Tag Archives: luncheon

Cassidese Glossary – Luncheon

For some time now, some of my on-line friends have advised me to provide a version of CassidySlangScam without the invective aimed at Cassidy and his supporters. In response to that advice, I am working on providing a glossary of the terms in Cassidy’s ludicrous book How The Irish Invented Slang with a short, simple and business-like explanation of why Cassidy’s version is wrong.

This is a good example of how Cassidy manipulated the evidence. He provides three separate Gaelic origins for the word luncheon. He claimed that luncheon comes from Scottish Gaelic lòintean,(plural of lòn, provisions) or from Irish lóinte án (elegant food or splendid fare) or lóinfheis án (an elegant, splendid feast of meat). The Irish for lunch is lón, the primary meaning of which is provisions. It wouldn’t normally be put in the plural (although it can be) and anyway, in modern standard Irish the plural would be lónta. The adjective would have to agree with the noun, so it would be ána, not án, though the word án is an obscure, old-fashioned word, almost unknown in Irish (though it is a high-frequency word in Cassidese). Lóinfheis is an obscure literary term, as is án. It goes without saying that there is no reference to lóinfheis án or lónta ána anywhere in any corpus of Irish literature. They are purely Cassidy inventions.

Cassidy dishonestly tries to discredit the opinions of the professional etymologists by misrepresenting what they say. Cassidy says that the experts at the OED think luncheon derives from Middle English nonechenche. What he chooses not to say is that this is the ultimate source of the word. By the 17th century, this word had developed into the word nuncheon, which can be proven to have existed (unlike lónta ána or lóinte án) and meant a light snack in the afternoon. Nuncheon to luncheon. A mutation of one letter and the exact same meaning. Sounds entirely credible to me.

Cassidese Glossary – Lunch

For some time now, some of my on-line friends have advised me to provide a version of CassidySlangScam without the invective aimed at Cassidy and his supporters. In response to that advice, I am working on providing a glossary of the terms in Cassidy’s ludicrous book How The Irish Invented Slang with a short, simple and business-like explanation of why Cassidy’s version is wrong.

The origins of the words lunch and luncheon and the relationship between them are complicated and messy. Real etymologies often are. We know that lunch was used for a lump of bread or cheese over four hundred years ago in English. This seems to have been its main meaning until the early 19th century, when it came to mean the midday meal.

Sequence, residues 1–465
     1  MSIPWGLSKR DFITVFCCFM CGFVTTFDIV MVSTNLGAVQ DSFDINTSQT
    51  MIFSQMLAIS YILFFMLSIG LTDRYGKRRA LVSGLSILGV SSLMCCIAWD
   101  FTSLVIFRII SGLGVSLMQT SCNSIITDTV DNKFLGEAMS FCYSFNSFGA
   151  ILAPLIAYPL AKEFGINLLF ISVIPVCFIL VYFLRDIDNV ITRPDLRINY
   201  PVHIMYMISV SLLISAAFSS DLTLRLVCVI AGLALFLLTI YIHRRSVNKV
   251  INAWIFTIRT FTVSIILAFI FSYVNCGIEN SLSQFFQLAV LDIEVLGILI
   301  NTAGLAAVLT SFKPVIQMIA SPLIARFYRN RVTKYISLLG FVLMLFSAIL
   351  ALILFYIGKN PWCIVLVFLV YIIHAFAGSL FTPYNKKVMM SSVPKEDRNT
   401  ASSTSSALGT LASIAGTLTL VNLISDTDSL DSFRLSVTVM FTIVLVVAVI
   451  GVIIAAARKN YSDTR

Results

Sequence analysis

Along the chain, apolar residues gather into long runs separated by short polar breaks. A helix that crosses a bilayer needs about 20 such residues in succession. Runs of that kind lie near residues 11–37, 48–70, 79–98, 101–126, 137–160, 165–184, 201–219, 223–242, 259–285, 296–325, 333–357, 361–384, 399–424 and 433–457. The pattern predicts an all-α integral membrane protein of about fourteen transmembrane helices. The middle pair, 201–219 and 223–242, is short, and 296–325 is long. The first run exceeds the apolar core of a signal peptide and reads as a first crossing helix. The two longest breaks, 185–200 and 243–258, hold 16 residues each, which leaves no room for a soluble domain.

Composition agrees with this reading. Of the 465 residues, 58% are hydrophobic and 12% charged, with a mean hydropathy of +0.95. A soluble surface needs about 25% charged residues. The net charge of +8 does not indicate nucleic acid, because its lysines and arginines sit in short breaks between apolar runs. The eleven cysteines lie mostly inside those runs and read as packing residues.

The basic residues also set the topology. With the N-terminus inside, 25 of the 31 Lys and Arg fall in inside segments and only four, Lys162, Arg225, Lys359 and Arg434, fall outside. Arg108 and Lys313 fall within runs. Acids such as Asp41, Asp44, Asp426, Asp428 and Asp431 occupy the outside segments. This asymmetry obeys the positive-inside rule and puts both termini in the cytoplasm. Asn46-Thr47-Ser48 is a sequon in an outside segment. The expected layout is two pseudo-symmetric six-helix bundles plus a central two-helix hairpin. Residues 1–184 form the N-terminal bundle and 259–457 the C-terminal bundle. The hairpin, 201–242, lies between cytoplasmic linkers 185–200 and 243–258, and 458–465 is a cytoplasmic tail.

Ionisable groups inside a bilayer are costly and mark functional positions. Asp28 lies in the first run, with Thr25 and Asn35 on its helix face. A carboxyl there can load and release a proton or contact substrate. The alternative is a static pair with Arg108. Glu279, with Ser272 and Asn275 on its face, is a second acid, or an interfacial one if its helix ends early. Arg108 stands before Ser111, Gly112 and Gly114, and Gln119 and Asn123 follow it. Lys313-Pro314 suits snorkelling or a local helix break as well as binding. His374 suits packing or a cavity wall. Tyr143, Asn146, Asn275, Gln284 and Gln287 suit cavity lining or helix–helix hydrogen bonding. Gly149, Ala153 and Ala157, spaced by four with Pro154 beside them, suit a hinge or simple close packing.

It is also a fact that there was a word nuncheon which meant a light meal in the afternoon, and that this is the probable origin of luncheon and that some people think the end was knocked off luncheon giving lunch, and that the modern use of lunch has nothing to do with the older word meaning a lump. There’s a link here which explains it all:

http://www.wordorigins.org/index.php/site/comments/lunch_luncheon/

Daniel Cassidy claimed that the word lunch derives from the Irish word lón, or more specifically from its plural form. This is lónta in the standard language but Cassidy prefers to derive it from the variant lóinte – because this sounds more like lunch.

The word lón is used to mean lunch in modern Irish but its meaning was originally fat or lard, I suppose because people needed to store fat for the winter both as food and lighting fuel. It then came to mean provisions (not exclusively food) and indeed lón cogaidh or armlón mean ammunition in modern Irish. Lón was sometimes used in the plural as lónta or lóinte, but the English etymologies for the English word lunch are far more convincing, even if they are a little complicated and messy compared to the phoney simplicities that were Cassidy’s stock-in-trade.

Lunch/Luncheon

This is a good example of how Cassidy subtly manipulated the evidence to hornswoggle the gullible. He claimed that luncheon comes from lóinte án (elegant food or splendid fare) or lóinfheis án (an elegant, splendid feast of meat). The Irish for lunch is lón, the primary meaning of which is provisions. It wouldn’t normally be put in the plural and anyway, in modern standard Irish the plural would be lónta. The adjective would have to agree with the noun, so it would be ána, not án, though the word án is almost unknown in Irish (though it is a high-frequency word in Cassidese). It goes without saying that there is no reference to lóinfheis án or lónta ána anywhere in any corpus of Irish literature. It is pure Cassidy invention.
Furthermore, Cassidy invites the reader to laugh with him at the whacky opinions of the dictionary dudes who apparently think luncheon derives from Middle English nonechenche. What he chooses not to say is that this is the ultimate source of the word. By the 17th century, this word had developed into the word nuncheon, which can be proven to have existed (unlike lónta ána or lóinte án) and meant a light snack in the afternoon. Nuncheon to luncheon. A mutation of one letter and the exact same meaning. Sounds credible to me – but then I’m neither stupid nor crazy.